This is our second little girl. Her markings are very unusual. Her back is dark and light, like salt & pepper hair or the pattern of a hedgehog! I was going to call her, Sonic, but Maria warned me that was a boy's name. Instead, her name will be: Polly PicklePuss

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©2010 Maria Sandoval. Say hello to Polly PicklePuss!

The last name we need is for the kittens mama. I'm told she is 2-3 years old and is very very friendly. She's a great mama and I'm guessing this isn't the first time she's BEEN a mama. Her name will be: Mama Mazie

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©2010 Maria Sandoval. Say hello to Mama Mazie!

Ahh..if naming them was the toughest task...I wanted to make sure they have names because they've become sick with an Upper Respiratory Infection. At just three weeks old, the kittens don't have any sort of immune system to protect them.

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©2010 Maria Sandoval. Cute Cara.

It started with Mama Mazie. Her eyes got watery. She started to sneeze.

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©2010 Maria Sandoval. Pretty Polly Poses Perfectly.

We all knew it was just a matter of time before the kittens fell ill, too. It was terrible, knowing they didn't have much time. Every feeding not only helped them to survive, but also gave them the URI. How could Mother's Milk be so good, yet so detrimental to their future?

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©2010 Maria Sandoval.

If the kittens were even two weeks older, I wouldn't be worrying so much. There's little that we can do. Maria took them all to the vet yesterday and it was decided to put them on antibiotics-which made Mama Mazie get sicker.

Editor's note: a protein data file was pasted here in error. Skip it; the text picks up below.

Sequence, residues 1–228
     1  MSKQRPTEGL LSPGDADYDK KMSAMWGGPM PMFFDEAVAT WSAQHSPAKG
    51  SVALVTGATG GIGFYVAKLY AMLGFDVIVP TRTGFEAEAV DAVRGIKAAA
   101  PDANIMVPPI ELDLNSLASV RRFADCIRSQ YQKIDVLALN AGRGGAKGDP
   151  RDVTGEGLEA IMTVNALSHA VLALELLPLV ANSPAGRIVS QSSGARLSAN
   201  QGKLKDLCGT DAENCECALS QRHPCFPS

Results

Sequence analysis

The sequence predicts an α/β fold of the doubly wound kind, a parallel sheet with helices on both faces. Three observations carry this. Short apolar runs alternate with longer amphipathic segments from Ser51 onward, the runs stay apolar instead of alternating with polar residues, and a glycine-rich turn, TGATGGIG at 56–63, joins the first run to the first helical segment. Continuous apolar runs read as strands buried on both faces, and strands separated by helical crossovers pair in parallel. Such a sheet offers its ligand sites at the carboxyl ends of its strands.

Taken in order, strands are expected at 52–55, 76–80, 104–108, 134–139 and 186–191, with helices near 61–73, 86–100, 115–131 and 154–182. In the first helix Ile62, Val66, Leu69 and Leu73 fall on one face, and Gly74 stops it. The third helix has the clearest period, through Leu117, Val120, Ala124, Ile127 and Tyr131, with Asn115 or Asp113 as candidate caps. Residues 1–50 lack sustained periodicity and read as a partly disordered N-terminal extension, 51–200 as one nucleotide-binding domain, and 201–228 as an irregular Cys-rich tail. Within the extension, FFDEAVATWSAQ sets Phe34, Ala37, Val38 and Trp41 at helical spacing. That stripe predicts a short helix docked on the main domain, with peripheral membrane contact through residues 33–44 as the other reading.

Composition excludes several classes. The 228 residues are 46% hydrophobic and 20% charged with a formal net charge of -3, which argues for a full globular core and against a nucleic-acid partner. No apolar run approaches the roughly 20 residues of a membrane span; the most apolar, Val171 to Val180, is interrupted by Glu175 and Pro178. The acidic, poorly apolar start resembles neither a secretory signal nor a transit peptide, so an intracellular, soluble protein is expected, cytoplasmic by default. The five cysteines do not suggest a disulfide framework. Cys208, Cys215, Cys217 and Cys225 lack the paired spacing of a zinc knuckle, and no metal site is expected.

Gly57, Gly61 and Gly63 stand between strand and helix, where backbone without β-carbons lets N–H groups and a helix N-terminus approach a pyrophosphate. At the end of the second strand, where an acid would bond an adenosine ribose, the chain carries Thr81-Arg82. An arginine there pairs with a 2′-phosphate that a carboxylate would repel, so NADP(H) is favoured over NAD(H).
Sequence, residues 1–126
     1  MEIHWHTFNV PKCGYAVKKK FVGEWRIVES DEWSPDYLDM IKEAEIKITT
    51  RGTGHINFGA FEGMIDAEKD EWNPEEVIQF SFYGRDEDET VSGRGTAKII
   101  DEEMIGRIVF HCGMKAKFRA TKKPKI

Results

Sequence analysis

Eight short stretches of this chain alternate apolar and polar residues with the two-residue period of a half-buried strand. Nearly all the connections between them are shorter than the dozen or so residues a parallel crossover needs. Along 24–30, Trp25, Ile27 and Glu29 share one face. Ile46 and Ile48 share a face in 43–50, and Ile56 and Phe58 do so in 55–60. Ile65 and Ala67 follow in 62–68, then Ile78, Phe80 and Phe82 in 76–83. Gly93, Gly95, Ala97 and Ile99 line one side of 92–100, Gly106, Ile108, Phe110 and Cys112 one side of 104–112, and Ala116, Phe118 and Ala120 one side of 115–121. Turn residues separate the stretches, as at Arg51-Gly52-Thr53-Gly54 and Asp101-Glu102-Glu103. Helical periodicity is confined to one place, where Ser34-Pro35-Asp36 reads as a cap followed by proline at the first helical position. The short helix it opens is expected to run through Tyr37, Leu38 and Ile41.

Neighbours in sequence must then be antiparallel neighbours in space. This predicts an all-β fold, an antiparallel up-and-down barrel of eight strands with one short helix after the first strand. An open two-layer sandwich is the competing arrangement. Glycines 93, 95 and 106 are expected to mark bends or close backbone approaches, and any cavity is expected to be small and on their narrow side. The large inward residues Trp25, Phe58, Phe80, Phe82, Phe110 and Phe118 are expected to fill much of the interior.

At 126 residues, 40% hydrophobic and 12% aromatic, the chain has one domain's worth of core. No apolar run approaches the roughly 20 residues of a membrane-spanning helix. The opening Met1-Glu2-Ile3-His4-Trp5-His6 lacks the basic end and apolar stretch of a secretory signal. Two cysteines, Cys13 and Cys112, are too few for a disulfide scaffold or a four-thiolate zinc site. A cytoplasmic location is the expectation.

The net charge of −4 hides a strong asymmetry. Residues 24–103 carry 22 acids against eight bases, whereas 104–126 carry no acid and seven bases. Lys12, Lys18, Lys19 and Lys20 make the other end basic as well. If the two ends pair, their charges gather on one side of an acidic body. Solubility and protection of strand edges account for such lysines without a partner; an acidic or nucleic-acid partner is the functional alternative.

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©2010 Maria Sandoval. Chester before he got sick.

The kittens seemed to be okay for a day or so, but...

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©2010 Maria Sandoval.

We knew they would fall ill...and they did.

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©2010 Maria Sandoval. A watchful Mama Mazie.

With things like this, if it's a viral cause-there are no drugs. Just rest and good food. To prevent a bacterial complication-antibiotics and eye drops and maybe nose drops. I worry. I flash back to Princess or to my own, Blitzen who cost thousands of dollars in vet care, who had to be force fed, who we feared would pass away...and they were OLDER when they first got sick.

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©2010 Maria Sandoval. Lunchtime at the Vet.

I hate being 1000 miles away. All I can do is try to figure out a treatment or a supportive ointment or paste. They get lysine and bene bac. I know Maria is doing everything she can, but in the end, it will be up to the mama and the kittens on if they will be able to survive this.

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©2010 Maria Sandoval. Mama gets sick first.

I wish I could say they will be ok in a week or so, but I don't know. When kittens get to the age of cutting teeth, it's a precarious time. I've been told that they can pass away during this time for no obviousl reason. Add to that they are now sick...well..even more precarious.

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©2010 Maria Sandoval. Then Polly gets hit hard.

I've been lucky to have not lost a kitten...KNOCK WOOD...SO FAR, but I know that will not always be the case. I do know that I will do EVERYTHING in my power to help these cats get well. And get well SOON. If they don't respond to the meds and need more Vet care, I'm going to have to start fundraising to make sure we will have enough set aside if the whole family or just all the kittens need supportive care.

We've been down this road before...the not knowing...the fear...the rollercoaster ride. We just have to take a deep breath and find some faith that these babies will make it so they can come to Connecticut in December and so I can KEEP THEM ALL! I mean, so I can find them great forever homes.

Come on, babies. Get better!!!

Marshy's Big Adventure